The climb was initially steep and lengthy interspersed with some level walks, which took an hour to cover as we took a break to rest and chat. In an exciting encounter, we came across a goanna of nearly a meter long from head to tail, which jumped into a tree and climbed high, on sighting us. Wolfgang reckoned that goannas are capable of mistaking humans for trees and they would even climb a person standing still to escape from danger. Not the best thought, given their sharp claws. We decided to get moving.
We finally reached our destination of Kuring-gai station at about 3pm, and were exalted at successfully completing the walk.
bushwalk map-website
Planning a walk
Bushwalking can be very relaxing but needs careful planning, as it involves risks. Based on your route, start the walk early in the morning, to avoid a steep climb in the hot afternoon. Leaving early also ensures plenty of time in case there are any mishaps that may delay you.
Don’t forget to inform your family, the police or national park authorities about the walk, location, route and expected time of return. Also, let them know once the walk is completed.
Bushwalk in groups of at least four, so if someone is injured or becomes ill, there are enough people to go for assistance, while others can stay with the person in distress. Ideally two should go for assistance and one should stay with the injured.
All the people in the group should stay together to avoid getting lost in the bush. A wrong turn can be detrimental. The leader stays in the front and the second-in-command brings up the rear.
Mobile phones may go out of range in the bush; however, emergency numbers have more range than normal numbers. Apart from 000, 112 is an emergency number to call from mobiles. Some mobile phones may allow the number to be dialled even with the keypad locked. Some may even allow a call without a SIM card in the phone. A Personal Location Beacon (PLB) is a good investment if walks are regularly undertaken. In a serious emergency, an activated PLB can transmit your location to search and rescue teams.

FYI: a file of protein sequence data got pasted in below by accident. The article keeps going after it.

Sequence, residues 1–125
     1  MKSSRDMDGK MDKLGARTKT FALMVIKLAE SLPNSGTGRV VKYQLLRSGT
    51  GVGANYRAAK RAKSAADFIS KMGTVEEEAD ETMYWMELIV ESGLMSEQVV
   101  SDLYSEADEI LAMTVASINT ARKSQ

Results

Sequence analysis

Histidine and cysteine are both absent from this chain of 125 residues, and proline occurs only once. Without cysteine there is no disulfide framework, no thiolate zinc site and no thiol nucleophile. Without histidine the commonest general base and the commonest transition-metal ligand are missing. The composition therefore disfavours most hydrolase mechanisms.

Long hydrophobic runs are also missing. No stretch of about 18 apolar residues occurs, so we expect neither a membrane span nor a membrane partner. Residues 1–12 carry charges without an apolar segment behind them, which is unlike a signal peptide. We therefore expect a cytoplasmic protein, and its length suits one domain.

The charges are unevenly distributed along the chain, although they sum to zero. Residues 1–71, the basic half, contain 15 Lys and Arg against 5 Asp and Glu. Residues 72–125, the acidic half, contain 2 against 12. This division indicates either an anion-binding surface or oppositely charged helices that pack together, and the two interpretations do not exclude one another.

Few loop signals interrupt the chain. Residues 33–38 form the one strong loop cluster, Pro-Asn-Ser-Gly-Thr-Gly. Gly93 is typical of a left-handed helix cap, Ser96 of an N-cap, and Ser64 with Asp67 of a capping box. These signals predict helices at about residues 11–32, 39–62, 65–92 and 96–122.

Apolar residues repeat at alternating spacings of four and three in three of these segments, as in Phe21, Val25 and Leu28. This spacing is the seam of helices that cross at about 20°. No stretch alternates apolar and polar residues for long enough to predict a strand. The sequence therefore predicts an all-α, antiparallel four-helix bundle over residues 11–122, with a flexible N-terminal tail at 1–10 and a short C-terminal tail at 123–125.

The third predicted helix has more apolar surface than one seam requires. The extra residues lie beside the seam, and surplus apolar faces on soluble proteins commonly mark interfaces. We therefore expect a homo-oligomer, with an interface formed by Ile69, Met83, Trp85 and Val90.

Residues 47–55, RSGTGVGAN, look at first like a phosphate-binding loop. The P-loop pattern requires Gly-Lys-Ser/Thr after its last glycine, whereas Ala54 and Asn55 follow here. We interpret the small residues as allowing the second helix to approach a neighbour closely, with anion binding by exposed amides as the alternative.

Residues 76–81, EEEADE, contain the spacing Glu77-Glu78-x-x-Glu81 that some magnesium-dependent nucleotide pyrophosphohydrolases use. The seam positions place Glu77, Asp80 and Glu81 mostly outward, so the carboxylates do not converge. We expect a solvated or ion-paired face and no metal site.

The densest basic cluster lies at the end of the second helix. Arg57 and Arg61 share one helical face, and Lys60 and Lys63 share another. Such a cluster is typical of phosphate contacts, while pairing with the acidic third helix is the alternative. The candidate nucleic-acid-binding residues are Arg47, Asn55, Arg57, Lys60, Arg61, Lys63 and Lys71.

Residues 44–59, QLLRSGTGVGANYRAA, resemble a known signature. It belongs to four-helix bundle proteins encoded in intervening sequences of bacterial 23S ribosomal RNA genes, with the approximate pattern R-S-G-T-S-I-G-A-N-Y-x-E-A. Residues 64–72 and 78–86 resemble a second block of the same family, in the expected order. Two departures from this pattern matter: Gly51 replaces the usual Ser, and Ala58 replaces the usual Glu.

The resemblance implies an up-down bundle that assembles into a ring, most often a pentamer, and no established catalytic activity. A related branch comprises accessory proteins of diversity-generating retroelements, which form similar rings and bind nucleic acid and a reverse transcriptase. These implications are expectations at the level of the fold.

Always check the weather forecast for your route before setting out.
Risks on the trip
Snakes are to be expected when bushwalking, however walking along a well-trodden path may keep them away as they tend to pick up vibrations from the ground and seek shelter from intruders. Wearing thick, long pants, socks and boots will be helpful. Always be alert.
To avoid tripping and falling, a walking pole or stick may help. Tripping can happen even if you are being careful.
It is possible to become disorientated, so a detailed map and compass is vital. A battery operated GPS will be helpful too.
What to pack
Carrying a sensible load in a backpack is always helpful when walking in the bush.
Take a raincoat, wide brimmed hat, map for the area, water, food, sunscreen, first aid kit, GPS, Personal Location Beacon (PLB), a small torch, spare batteries for the GPS and torch. Wear a long sleeved shirt and pants and comfortable walking shoes.
When the walk is long, it is best to travel as light as possible. However, do not restrict water, as towards the end of the walk, it can always be poured out.
Wear comfortable clothes in layers so that you can add or take them off, depending on the weather.
Additional information
You can find more tips at: http://www.nationalparks.nsw.gov.au/safety/bushwalking
Useful phone numbers
NPWS Phone: 1300 361 967 or (02) 9995 5550
Emergency: 000 or 112